Enforced disappearance among marginalized ethnic group in Nepal
Mr. Nandalal Chauhan belongs to marginalized Madhesi community of Nepal. Wrongly accused of entertaining Maoist sympathies, he was arrested and forcibly disappeared during the internal conflict. His case is not only an example of the wave of enforced disappearance by State forces, but also of the bitterness of victims’ relatives vis-à-vis Nepalese transitional justice bodies.
Mr. Nandalal Chauhan was arrested in February 2006 in Joganiya Chowk (district of Rupandehi). One morning, Mr. Nandalal was travelling on a bus to the neighboring town of Krishnanagar, in India. He was seeing two acquaintances off to Mumbai, planning to shop in Krishnanagar before returning to Nepal.
But he never did, as he was arrested in Joganiya Chowk by members of the Pratikar Samiti (literally, “retaliation or defense committee”). These groups were initially created as vigilantes against attacks by the Maoist guerrilla, but in some districts – including Rupendehi – they were responsible for serious human rights abuses against alleged Maoists.
Mr. Chauhan was forced to get off the bus and was beaten up. Two army officials who were drinking tea nearby inquired on the commotion, but upon learning from the Pratikar Samiti that Mr. Nandalal Chauhan was allegedly a Maoist, they actually arrested him and took him to an army camp.
About 15 days after his arrest, Mr. Chauhan was transferred to the Taulihawa district prison, from which he disappeared in the evening of 7 April 2006. According to the prison inmates, the army went to the prison on that day and took two prisoners with them, one of them being Mr. Chauhan. The fate and whereabouts of Mr. Chauhan remain unknown since then.
Trust in domestic mechanisms fades
Between 2006 and 2016, the family of the disappeared – and especially his brother, Mithailal Chauhan – waited for the formation of the Truth and Reconciliation Commission (TRC) in Nepal. Mithailal Chauhan believed that since he received interim relief from the government and his brother’s children received a scholarship, the government had acknowledged the enforced disappearance of his brother. He had hopes that and, once established, the TRC would unveil the truth on the fate and whereabouts of Nandalal, holding accountable those responsible and providing to the family adequate reparation.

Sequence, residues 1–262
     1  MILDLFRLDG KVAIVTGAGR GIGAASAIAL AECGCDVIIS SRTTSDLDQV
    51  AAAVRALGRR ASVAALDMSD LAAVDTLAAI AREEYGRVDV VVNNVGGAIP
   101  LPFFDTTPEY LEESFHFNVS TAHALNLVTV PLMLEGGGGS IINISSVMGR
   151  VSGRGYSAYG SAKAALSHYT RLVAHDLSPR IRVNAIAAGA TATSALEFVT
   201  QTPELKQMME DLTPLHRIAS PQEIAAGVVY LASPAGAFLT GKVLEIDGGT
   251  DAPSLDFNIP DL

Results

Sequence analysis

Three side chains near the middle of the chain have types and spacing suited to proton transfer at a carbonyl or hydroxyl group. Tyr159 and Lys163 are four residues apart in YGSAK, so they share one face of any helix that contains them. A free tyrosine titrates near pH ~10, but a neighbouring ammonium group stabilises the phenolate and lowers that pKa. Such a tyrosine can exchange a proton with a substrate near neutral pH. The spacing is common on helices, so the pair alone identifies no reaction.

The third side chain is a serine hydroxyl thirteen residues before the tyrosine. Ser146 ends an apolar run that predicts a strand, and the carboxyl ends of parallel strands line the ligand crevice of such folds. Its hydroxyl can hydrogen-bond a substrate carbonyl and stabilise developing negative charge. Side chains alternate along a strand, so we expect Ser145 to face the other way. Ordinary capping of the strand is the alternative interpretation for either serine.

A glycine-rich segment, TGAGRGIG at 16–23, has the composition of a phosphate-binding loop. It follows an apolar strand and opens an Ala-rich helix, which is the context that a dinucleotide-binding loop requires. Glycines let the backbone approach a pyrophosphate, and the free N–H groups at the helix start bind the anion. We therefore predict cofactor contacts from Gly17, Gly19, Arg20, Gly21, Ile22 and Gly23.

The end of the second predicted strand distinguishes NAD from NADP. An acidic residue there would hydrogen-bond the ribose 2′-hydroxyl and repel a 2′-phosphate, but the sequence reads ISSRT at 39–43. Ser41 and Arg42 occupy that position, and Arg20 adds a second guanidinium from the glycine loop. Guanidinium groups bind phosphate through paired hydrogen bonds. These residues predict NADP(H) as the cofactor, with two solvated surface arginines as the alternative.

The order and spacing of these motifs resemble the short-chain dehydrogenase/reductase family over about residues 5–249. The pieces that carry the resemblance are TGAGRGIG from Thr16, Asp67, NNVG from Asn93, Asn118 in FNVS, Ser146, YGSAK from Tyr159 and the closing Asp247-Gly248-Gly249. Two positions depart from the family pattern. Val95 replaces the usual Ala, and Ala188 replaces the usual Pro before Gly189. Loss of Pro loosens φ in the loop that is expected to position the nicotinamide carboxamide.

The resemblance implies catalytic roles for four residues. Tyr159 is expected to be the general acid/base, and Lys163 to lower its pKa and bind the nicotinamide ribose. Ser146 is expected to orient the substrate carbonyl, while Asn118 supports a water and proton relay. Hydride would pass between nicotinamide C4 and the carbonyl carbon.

However, nothing substantive has happened since the filing of their complaint, in 2016. Subsequently, Mr. Chauhan lost faith in the national TRC and has, with the help of TRIAL International and the Human Rights and Justice Centre, taken his case to the UN Working Group on Enforced or Involuntary Disappearances (WGEID) instead.
The case was submitted on 18 December 2020 to the Working Group on Enforced and Involuntary Disappearances and is currently pending.
The case is emblematic of the enforced disappearances that took place during the internal armed conflict in Nepal from 1996-2006. In 2003 and 2004, Nepal was the country with the highest reported number of enforced disappearances in the world by the WGEID. To date, more than 1’300 people who, like Mr. Nandalal Chauhan, disappeared during the conflict are still registered as missing.
This article was produced with the financial support of the European Union. Its contents are the sole responsibility of the authors and do not necessarily reflect the views of the European Union.